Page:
Last, we examined whether inhibitory neurons in the contralateral S1 also showed changes after CFA injection, using a Cre-dependent GCaMP6f AAV to measure Ca2+ in PV+ inhibitory neurons (Fig. 3A). The C.C of these inhibitory neurons transiently decreased at POD3 and POD7 after CFA injection, while the pCa2+ and frequency did not change over the 14 days period of behavioral hypersensitivity (Fig. 3, B to D). Hence, while excitatory neurons increase the extent of their correlated firing and the amplitude of their Ca2+ transients, inhibitory neurons decrease their correlation over this same period.

Fig. 3 Tracking PV+ neuronal activity in individual neurons during the progression of persistent pain.

(A) Schematic diagram showing virus injection to image inhibitory neurons. PV-Cre mice were injected with AAV1-CAG-flex-GCaMP6f into S1HL to enable in vivo Ca2+ imaging of PV neurons. The same neurons were traced pre- and post-CFA injection (pre- and postoperative days 3, 7, and 14). Scale bar, 50 μm. (B to D) C.C. of paired neurons (n = 293 pairs per five mice), pCa2+, and frequency of Ca2+ transients (n = 53 neurons per five mice) from pre- to post-CFA injection. **P < 0.01, paired t test. Violin plots show median (black lines) and distribution of the data.

Basal characteristics of the neurons involved in the increased spontaneous activity following pain

The single-neuron activity tracking during postinjury or inflammation pain hypersensitivity revealed a proportion of neurons whose connections and strength appeared to increase. We therefore examined whether this was a particular subpopulation of S1 neurons that differentially responded to CFA injection and paw incision. We stratified neurons based on their basal, pre-injury activity levels and plotted the relative increase in pCa2+ (using the ratio of pCa2+ post-pain to pCa2+ pre-pain, “ratio of power”) against the basal averaged level of pCa2+ (“pre-power”) for each neuron (Fig. 4A and fig. S7). There was an inverse correlation for both pain models seen after injury, with the slope of this relationship steeper for the more severe CFA model (Fig. 3A). This suggests that the neurons with weak activity levels are more likely to show a large relative increase following incision (fig. S7) or CFA-induced inflammation (Fig. 4A). The increase in C.C. of paired S1 neurons was seen for all neuronal groups when we stratified them into those with either low- or high-basal C.C. at day 3 after CFA injection (Fig. 4B). Together, this indicates that, although neurons with weaker basal responses show greater relative increases after inflammatory or surgical injury, the increase in synchrony between pairs of neurons is seen across all neurons regardless of initial activity strength. To further examine the contribution of C.C. to the pain behavior, we plotted the averaged C.C. at different times after CFA with mechanical threshold and withdrawal response latency and found a strong negative correlation between these values, suggesting that each incremental increase in C.C. is associated with an incremental increase in pain behavior (Fig. 4C).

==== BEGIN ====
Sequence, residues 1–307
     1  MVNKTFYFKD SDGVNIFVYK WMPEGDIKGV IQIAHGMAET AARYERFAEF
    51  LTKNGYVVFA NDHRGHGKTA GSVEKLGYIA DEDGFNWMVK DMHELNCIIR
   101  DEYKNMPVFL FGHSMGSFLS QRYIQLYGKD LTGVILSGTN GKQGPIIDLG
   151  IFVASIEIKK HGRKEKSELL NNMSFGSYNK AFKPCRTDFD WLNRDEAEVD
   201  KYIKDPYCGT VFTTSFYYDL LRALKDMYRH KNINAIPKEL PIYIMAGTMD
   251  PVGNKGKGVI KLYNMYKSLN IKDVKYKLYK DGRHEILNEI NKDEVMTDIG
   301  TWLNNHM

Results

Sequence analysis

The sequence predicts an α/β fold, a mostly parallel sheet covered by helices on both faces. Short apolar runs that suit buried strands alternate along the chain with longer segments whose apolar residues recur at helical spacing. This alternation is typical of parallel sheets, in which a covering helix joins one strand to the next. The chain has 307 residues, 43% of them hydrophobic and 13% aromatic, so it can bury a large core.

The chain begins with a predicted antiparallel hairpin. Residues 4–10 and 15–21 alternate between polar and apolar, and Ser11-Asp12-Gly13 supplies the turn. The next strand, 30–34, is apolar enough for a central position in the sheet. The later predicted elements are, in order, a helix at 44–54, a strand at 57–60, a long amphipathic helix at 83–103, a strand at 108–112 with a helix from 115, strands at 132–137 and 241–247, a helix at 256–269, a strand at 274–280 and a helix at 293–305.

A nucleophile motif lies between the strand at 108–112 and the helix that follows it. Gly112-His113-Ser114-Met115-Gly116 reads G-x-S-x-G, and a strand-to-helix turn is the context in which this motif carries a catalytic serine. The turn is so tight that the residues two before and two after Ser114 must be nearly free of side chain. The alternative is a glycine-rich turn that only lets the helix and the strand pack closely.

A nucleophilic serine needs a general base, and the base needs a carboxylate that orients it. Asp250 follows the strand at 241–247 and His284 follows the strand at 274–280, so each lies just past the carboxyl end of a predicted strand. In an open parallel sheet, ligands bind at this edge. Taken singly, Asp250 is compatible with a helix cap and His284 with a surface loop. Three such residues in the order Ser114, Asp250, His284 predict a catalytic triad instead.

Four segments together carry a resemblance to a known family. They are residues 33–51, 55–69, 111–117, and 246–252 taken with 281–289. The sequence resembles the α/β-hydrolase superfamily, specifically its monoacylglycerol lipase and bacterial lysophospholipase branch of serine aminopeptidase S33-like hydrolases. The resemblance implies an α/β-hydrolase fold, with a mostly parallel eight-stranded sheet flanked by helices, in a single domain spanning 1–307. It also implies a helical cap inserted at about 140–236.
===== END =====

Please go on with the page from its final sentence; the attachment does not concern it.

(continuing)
Fig. 4 Relationship between resting activity and increases in power and C.C.

(A) Scatterplot of the relative increase in neuronal pCa2+ for each neuron during inflammatory pain, plotted against the basal pCa2+ before pain, and shown at four different days postoperation (n = 97 neurons per seven mice, Pearson’s correlation test). (B) Comparison of C.C. of paired neurons in control and inflammatory pain model mice (day 3 after CFA injection). In the center and right columns, the data were stratified into neurons with low-basal pCa2+ and higher pCa2+ (using median pCa2+ as the cutoff). A similar difference in C.C. was seen in both these cohorts. ***P < 0.001, Mann-Whitney U test. Violin plots show median (black lines) and distribution of the data. (C) Scatterplots of pain behavioral responses (mechanical threshold or escape response latency during thermal stimulation) against the neuronal C.C. or pCa2+. A significant negative correlation existed for C.C. against pain behaviors but not for pCa2+. There was no relationship between C.C. and pCa2+. Data from pre- and post-CFA neuronal responses, as shown in Fig. 2 [n = 7 mice for (C), regression lines show by Pearson’s correlation test].

Direct evidence for increase in functional connections within L2/3 neurons in the primary sensory cortex after pain induction

To more directly examine the functional connectivity within L2/3 neurons in S1 during the period of sustained pain, we generated holographic patterns of optogenetic stimulation using a spatial light modulator (SLM) and combined this holographic stimulation with two-photon imaging (Fig. 5A). We stimulated a single neuron and simultaneously quantified the responses of surrounding neurons in the contralateral S1HL (Fig. 5, B to E). To do this, we coexpressed both GCaMP6m with the red-shifted channel rhodopsin variant ChRmine using AAV injection (27). We defined a stimulation-evoked response as a Ca2+ transient with a peak time within 1 s after holographic stimulation (Fig. 5B, bottom left). We confirmed that evoked responses were detected above basal rates of spontaneous activity by showing that the C.C. following stimulation was significantly higher than the C.C. due to spontaneous activity measured before the stimulation period (Fig. 5B, bottom right). We then stimulated a target neuron and measured GCaMP6m responses in the stimulated and in surrounding neurons to define functional connectivity (Fig. 5B). The number of surrounding neurons responding to stimulation was small before the CFA injection that transiently increased on POD3 of CFA injection with the same activation protocol and that recovered to the basal level by POD7 (Fig. 5, C and D). This result was similar when all data were grouped (Fig. 5C) or when we quantified for individual mice at the cellular level over the 4 weeks of imaging (Fig. 5D). Similarly, when we plotted the proportion of stimulated cells that could evoke responses in adjacent cells at the individual mouse level, we also saw a transient but significant increase in connectivity (Fig. 5E). These results demonstrate directly that CFA injection resulted in increased functional local connectivity. This increase in connectivity, seen in this small sample of neurons with suprathreshold responses to a single stimulus applied to an adjacent neuron, was less sustained than observed across the larger and dispersed population responding spontaneously (as measured by increases in C.C.; Fig. 2E). Although these are quite different measures of connectivity to compare, it may be that enhanced connectivity at each neuron pair in the S1 neural circuits is additive.